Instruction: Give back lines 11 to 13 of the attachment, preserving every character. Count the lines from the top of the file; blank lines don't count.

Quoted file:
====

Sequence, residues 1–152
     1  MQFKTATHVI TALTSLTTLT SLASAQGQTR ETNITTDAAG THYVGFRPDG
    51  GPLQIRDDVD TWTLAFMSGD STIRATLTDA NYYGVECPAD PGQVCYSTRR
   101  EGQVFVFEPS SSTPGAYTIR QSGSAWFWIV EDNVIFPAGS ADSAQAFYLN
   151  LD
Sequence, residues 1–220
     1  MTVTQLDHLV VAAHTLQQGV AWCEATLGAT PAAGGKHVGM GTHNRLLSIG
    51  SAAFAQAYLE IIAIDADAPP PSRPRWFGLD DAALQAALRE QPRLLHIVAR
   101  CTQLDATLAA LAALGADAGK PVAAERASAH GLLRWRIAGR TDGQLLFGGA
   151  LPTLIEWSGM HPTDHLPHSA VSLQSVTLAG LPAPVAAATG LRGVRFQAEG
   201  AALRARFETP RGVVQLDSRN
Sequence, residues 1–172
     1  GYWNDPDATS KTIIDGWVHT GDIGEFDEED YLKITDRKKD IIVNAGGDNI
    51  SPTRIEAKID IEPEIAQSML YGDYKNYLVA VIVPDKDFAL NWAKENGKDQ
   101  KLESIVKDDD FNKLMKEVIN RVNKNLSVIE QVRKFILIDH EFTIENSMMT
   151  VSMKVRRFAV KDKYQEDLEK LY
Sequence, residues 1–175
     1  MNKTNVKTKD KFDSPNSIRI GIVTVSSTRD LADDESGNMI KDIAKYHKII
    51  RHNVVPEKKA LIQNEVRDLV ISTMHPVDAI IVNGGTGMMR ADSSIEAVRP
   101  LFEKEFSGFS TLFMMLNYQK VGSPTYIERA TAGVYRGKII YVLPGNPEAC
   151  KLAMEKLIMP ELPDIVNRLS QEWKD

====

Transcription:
   201  AALRARFETP RGVVQLDSRN
Sequence, residues 1–172
     1  GYWNDPDATS KTIIDGWVHT GDIGEFDEED YLKITDRKKD IIVNAGGDNI